Hi sunaimshadmani,
As a math subject, Standard Deviation comes from the broader category of statistics. It's essentially about how "spread out" a group of individual numbers is, relative to the average of that group. In real life, calculating the Standard Deviation of a group of numbers involves a big calculation (and you probably would NOT want to do that calculation by hand). Thankfully, the GMAT will NEVER ask you to actually calculate the Standard Deviation of a group of numbers. You're likely to be tested on the CONCEPT though.
In this DS question, we're told that there are two sets of numbers (with 5 numbers in each set). We're asked for the difference in the Standard Deviations of 2 sets of numbers.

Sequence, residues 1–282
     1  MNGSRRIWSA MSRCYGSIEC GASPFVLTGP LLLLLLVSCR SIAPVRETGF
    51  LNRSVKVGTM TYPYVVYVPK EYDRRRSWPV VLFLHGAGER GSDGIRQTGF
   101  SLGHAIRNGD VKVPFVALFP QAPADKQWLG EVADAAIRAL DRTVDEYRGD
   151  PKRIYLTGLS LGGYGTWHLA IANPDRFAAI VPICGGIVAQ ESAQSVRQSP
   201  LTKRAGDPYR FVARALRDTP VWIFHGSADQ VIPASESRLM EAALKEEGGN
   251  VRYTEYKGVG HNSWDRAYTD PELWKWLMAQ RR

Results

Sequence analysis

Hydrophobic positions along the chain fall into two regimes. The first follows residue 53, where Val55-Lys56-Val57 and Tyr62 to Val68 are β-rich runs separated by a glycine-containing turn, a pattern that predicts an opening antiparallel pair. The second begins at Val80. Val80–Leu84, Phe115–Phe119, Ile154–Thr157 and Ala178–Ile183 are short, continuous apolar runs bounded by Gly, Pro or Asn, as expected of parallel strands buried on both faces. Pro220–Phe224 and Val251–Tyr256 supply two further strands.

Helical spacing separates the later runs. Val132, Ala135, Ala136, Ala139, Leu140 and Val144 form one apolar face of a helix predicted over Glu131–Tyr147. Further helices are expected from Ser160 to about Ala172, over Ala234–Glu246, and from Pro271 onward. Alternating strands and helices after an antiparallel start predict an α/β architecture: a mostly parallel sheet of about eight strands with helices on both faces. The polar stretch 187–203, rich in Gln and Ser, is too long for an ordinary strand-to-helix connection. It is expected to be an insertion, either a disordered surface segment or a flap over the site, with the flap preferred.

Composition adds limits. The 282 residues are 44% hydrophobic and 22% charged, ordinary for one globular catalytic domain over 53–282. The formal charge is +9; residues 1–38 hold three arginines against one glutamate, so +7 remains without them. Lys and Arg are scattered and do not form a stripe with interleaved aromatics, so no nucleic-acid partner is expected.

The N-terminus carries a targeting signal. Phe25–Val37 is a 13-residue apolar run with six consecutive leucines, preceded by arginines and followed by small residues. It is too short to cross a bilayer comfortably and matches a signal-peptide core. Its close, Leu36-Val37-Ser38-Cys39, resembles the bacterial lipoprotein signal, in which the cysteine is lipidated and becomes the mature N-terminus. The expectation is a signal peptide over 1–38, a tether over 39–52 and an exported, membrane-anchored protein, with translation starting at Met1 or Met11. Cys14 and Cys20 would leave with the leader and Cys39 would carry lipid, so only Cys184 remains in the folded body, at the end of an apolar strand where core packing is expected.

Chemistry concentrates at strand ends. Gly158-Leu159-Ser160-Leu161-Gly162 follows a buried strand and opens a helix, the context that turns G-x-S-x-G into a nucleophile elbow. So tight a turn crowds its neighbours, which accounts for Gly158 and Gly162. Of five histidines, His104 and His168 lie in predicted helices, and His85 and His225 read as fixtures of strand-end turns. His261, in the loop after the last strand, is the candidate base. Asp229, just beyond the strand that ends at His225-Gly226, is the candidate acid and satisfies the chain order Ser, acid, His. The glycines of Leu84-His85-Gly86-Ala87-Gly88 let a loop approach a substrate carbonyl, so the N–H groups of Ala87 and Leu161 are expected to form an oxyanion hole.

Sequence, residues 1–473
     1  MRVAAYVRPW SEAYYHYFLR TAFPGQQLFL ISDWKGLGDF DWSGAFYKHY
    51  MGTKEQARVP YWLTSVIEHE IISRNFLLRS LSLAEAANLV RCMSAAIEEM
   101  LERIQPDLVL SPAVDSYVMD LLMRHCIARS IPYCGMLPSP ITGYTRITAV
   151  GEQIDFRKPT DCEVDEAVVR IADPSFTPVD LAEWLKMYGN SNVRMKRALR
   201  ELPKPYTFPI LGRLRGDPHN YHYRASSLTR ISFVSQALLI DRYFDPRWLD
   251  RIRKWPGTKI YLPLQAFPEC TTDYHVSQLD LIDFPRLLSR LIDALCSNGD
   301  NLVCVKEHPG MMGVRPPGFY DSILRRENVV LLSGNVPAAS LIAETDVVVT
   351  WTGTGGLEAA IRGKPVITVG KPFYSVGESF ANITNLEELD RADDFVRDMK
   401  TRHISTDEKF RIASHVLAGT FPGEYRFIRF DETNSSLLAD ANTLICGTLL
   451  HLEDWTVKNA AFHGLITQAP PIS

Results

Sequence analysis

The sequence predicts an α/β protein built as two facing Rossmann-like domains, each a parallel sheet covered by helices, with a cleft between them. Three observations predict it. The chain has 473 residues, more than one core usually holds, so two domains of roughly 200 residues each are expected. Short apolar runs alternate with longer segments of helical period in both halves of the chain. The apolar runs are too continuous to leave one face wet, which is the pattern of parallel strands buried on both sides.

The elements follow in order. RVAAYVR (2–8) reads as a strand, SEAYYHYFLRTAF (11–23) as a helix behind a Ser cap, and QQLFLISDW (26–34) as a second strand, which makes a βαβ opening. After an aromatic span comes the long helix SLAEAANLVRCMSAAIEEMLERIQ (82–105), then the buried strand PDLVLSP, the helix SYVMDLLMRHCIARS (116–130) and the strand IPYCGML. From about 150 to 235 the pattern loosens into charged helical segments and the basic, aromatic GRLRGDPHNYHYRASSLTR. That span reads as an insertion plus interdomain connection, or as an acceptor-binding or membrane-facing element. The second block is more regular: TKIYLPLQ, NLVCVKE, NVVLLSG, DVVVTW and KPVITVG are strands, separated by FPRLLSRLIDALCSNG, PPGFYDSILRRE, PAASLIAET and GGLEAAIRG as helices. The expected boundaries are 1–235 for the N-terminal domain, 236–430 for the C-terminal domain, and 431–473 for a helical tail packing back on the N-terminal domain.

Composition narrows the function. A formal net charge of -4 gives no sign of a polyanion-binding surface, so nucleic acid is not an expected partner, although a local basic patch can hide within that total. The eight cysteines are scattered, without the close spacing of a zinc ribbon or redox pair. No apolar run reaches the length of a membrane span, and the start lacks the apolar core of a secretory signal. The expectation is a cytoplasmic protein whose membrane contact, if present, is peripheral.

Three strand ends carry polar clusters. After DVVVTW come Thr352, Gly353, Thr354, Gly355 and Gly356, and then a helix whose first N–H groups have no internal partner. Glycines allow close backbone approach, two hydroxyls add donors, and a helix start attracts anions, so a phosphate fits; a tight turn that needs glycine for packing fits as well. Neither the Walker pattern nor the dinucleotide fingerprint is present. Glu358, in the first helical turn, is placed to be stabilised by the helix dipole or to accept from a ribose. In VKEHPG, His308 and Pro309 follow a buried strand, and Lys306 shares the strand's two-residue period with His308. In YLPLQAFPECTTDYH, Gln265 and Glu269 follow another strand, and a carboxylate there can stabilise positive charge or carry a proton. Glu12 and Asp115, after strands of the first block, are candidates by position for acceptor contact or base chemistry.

Fact 1: Set A consists of consecutive multiples of 3.
The Set {3, 6, 9, 12, 15} would have the same SD as any other set of 5 consecutive multiples of 3 (for example {51, 54, 57, 60, 63}0, so we COULD figure out the SD of this set, but we don't know the SD of the Set B.
Fact 1 is INSUFFICIENT
Fact 2: Set B consists of consecutive multiples of 5.
This is the same situation as in Fact 1 above (we would just be using consecutive multiples of 5), but we don't know the SD of Set A.
Fact 2 is INSUFFICIENT
Combined, we know we have...
Set A = 5 consecutive multiples of 3
Set B = 5 consecutive multiples of 5
We COULD calculate the difference in the two SDs!
Combined, SUFFICIENT.
Final Answer:
GMAT assassins aren't born, they're made,
Rich
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